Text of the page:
In 1894, with increasing maritime traffic entering the river, the decision was made to place a light on the dummy crib which marked the end of the dredged channel, and that light's management was added to the list of responsibilities of the range light station. Since the light was manually operated and a full-time keeper would be needed to ensure its continued operation, an assistant keeper was added at the Front Range light. With three lights to maintain, the oil storage room in the cellar of the Front Range light was clearly inadequate. In 1891 a circular iron oil house was built on the station property with the capacity to hold 72 of the Board's standard five-gallon kerosene butts which were delivered by the lighthouse tender MARIGOLD during the District Inspector's annual inspection and re-supply visits.

Work on replacing the old wooden Rear Range light with a new skeletal iron tower began in 1900. Standing 75 feet high, the structure was equipped with an integrated ladder to reach the lamp and a small, wood frame cleaning room at its base. With completion of the new tower in December, the old tower was demolished. The Cheboygan River has a relatively strong and fast current and it seldom freezes, even in the harshest of winters. For this reason, the station dock was called into service as winter mooring for the light ships which had been placed to mark shoals and reefs throughout the Straits. It was not uncommon to see up to six lightships tied-up in front of the lighthouse during the winter.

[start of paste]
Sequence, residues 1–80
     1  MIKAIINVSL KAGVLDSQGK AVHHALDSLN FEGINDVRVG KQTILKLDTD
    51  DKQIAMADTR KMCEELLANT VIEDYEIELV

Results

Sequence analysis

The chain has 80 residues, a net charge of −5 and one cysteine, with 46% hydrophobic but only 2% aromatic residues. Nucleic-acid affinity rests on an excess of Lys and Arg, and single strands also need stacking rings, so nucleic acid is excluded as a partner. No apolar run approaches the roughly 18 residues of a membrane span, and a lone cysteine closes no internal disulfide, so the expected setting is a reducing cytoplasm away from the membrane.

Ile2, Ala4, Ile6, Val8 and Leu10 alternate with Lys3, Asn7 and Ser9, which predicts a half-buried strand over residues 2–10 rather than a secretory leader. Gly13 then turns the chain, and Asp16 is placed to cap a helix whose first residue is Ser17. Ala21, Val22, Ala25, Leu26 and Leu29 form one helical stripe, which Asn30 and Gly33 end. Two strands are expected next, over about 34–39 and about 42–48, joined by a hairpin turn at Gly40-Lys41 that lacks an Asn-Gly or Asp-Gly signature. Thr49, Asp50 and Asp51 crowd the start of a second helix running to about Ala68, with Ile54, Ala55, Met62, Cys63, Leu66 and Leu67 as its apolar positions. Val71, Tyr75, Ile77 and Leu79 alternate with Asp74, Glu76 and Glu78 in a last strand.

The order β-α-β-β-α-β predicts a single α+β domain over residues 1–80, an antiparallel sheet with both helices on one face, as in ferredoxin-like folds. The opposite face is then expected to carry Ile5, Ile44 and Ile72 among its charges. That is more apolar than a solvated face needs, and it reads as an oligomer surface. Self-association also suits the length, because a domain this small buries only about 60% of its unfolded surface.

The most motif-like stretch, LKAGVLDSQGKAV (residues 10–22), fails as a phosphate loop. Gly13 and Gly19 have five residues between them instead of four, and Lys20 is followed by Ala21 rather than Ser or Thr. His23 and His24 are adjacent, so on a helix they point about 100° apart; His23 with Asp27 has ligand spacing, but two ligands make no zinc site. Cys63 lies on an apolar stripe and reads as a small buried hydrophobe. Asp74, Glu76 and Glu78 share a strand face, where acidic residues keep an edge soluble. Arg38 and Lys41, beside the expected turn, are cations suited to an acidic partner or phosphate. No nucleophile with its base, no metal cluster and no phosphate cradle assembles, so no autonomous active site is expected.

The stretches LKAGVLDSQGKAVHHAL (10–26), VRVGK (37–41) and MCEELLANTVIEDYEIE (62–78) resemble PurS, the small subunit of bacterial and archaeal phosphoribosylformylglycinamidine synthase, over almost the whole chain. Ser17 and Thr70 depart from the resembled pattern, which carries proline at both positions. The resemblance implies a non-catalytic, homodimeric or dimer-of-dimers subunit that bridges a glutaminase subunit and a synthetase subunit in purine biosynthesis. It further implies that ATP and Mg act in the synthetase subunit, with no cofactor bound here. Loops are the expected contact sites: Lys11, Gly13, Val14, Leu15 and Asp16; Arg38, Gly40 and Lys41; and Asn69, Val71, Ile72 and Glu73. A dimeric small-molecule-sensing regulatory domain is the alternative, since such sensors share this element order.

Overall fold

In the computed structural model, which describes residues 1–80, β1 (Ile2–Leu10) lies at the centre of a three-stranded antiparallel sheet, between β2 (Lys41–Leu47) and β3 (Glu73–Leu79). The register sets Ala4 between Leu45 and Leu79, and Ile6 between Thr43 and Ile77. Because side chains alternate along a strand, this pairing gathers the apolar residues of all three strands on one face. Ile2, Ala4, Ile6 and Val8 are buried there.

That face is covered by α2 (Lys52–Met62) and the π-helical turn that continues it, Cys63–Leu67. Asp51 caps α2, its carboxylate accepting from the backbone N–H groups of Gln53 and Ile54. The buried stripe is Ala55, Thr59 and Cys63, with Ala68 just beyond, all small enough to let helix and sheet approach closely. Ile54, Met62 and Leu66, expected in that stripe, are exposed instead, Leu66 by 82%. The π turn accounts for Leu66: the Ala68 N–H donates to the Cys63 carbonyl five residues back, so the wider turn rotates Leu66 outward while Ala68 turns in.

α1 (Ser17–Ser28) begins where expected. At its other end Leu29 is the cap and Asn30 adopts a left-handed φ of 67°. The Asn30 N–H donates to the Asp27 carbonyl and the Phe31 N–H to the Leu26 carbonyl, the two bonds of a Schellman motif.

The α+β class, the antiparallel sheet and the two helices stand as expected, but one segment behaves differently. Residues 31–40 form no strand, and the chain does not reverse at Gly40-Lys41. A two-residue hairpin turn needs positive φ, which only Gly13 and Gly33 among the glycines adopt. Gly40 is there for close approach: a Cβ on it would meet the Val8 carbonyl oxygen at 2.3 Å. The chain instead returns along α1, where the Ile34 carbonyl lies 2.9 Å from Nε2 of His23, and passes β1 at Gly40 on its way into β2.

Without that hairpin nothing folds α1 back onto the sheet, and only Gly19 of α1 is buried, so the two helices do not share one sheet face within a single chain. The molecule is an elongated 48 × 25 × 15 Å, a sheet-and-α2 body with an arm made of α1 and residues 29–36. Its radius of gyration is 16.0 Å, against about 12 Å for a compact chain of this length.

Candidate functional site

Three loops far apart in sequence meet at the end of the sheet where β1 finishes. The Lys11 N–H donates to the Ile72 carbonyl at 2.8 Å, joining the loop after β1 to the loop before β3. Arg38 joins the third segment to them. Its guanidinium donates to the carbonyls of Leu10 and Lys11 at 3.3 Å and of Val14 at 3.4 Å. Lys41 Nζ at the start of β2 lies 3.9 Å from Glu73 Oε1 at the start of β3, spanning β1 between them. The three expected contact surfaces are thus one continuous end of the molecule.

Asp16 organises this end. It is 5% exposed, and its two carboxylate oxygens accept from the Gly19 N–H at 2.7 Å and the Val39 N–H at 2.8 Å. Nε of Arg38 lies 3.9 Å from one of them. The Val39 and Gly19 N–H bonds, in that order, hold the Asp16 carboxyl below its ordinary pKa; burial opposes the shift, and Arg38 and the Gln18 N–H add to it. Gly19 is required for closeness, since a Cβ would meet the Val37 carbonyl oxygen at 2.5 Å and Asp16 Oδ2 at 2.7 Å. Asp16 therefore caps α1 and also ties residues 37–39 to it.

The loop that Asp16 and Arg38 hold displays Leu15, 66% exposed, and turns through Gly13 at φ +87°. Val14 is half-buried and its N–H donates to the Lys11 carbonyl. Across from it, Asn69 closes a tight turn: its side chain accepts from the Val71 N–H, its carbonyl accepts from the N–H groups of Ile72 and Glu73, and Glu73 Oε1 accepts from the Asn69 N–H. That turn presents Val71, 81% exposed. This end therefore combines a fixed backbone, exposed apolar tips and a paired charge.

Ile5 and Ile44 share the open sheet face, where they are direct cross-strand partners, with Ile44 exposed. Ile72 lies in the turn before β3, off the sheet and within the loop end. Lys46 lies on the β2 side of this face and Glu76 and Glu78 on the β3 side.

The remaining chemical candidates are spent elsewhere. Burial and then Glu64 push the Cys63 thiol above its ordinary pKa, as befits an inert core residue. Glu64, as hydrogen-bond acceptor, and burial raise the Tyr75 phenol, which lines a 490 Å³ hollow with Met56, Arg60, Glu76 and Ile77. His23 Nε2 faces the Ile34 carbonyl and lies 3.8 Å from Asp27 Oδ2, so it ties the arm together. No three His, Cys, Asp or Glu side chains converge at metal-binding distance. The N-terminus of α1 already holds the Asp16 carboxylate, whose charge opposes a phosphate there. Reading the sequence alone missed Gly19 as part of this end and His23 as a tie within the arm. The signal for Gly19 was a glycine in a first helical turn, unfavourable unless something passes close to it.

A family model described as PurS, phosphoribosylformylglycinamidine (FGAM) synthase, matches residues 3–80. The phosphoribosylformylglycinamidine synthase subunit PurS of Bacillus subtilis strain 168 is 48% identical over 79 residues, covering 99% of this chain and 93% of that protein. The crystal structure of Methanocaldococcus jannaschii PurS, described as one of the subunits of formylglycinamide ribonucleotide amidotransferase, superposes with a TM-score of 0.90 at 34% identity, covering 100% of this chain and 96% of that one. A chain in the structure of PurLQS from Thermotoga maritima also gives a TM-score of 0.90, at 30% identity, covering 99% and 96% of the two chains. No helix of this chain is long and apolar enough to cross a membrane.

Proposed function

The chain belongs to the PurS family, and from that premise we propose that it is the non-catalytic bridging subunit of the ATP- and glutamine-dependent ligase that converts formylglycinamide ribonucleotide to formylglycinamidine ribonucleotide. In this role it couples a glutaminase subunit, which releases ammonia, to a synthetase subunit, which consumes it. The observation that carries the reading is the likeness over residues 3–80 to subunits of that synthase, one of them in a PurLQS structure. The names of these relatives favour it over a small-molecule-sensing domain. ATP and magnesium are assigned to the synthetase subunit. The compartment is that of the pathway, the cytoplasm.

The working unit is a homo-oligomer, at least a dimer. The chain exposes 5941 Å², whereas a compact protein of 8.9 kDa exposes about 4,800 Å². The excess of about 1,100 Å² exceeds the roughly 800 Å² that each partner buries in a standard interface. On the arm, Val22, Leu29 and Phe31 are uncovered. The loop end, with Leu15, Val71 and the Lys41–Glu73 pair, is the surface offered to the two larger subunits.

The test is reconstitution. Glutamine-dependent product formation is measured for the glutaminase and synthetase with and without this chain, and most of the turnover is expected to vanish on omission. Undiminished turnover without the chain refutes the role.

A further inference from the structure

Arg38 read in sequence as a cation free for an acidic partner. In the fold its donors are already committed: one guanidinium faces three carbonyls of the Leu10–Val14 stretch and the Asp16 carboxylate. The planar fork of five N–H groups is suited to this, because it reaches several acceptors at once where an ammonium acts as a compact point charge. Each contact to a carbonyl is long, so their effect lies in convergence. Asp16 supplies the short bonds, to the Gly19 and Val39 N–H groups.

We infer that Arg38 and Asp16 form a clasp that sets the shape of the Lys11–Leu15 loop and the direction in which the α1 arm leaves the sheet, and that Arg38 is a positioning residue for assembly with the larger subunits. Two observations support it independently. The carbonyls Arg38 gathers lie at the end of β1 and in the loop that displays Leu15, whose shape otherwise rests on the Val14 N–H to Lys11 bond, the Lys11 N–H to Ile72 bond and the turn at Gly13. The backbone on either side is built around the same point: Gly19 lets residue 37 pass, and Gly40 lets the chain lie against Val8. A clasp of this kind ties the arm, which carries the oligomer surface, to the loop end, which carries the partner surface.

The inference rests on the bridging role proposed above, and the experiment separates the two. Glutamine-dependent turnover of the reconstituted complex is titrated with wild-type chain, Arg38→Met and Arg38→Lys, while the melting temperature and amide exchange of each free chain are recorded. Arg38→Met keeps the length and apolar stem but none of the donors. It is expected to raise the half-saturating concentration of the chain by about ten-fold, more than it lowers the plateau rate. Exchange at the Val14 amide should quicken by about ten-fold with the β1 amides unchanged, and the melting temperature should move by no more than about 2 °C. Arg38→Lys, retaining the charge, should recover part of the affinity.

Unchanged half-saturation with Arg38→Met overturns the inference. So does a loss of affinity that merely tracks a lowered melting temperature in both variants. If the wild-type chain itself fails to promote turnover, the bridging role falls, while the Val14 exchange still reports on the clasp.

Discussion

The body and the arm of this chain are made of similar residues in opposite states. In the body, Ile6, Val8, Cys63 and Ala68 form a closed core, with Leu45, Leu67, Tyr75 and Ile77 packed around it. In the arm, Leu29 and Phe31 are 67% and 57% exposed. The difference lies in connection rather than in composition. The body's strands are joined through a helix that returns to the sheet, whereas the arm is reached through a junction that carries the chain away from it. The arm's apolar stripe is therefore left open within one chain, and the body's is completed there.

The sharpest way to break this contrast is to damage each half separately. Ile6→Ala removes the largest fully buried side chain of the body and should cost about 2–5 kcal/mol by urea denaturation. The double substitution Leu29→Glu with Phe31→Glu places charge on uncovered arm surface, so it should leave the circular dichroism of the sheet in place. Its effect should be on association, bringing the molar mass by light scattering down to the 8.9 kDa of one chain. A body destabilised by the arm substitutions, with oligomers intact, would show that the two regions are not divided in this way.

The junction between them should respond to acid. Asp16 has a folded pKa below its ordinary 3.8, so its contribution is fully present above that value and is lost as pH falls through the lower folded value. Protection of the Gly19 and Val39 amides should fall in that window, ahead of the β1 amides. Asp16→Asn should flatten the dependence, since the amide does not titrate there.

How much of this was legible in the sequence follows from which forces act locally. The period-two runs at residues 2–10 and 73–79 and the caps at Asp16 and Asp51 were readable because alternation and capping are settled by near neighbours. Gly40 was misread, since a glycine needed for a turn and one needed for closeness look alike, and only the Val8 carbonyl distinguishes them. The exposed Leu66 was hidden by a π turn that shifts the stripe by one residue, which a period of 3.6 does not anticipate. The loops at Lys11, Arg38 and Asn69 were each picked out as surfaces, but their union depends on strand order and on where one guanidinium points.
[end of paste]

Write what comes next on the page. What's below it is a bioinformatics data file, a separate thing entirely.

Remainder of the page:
After eleven years of legal wrangling, title to the adjacent property was obtained in 1909, and the property was graded to its present condition. Some time thereafter, the Fresnel lens was removed from the Front Range, and both front and rear range lights were replaced with locomotive style lanterns with 10,000 candlepower electric lamps which were visible from a distance of 14 miles.

With a major wave of offshore lighthouse construction underway in the Straits of Mackinac in the late 1920s, the Cheboygan River Front Range light took on a critical support role, making the diminutive station one of the busiest on the western lakes. Not only was the station now responsible for the two range lights and the light out on the Crib, it also began serving as the primary support base for the lights on Spectacle, Martin and Poe reefs. All supplies for the lights were delivered to the Front Range, and all inbound and outbound crews mustered at the station. In addition to providing support for these offshore stations, the Range light keepers were also responsible for 41 aids to navigation along the inland route between Cheboygan and Alanson, some 40 miles to the west. When the icebreaker MACKINAW was commissioned in 1945, Cheboygan was designated as her home port. The Front Range light served as shore support for the vessel for approximately 20 years, until proper storage facilities finally were established at her berth off the turning basin near the river mouth.

With the dissolution of the Bureau of Lighthouses and transfer of responsibility for the nation's aids to navigation to the Coast Guard in 1939, civilian keepers were given the option of staying on in their civilian capacity, transferring into the Coast Guard at an equivalent rank, or resigning. While many of the old keepers resigned rather than enter into military-style service, a number stayed on as civilian keepers. Such was the case at the Cheboygan River Front Range light where Keeper Clarence Land, who had entered Lighthouse service as a Mechanic in the early 1920s, stayed on as a civilian keeper at the Front Range light until his death in 1964. Clarence was so well respected that he was posthumously awarded the Albert Galatin Award, the U.S. Treasury Department’s highest career service award, which was presented to his wife Marie on the deck of the icebreaker MACKINAW.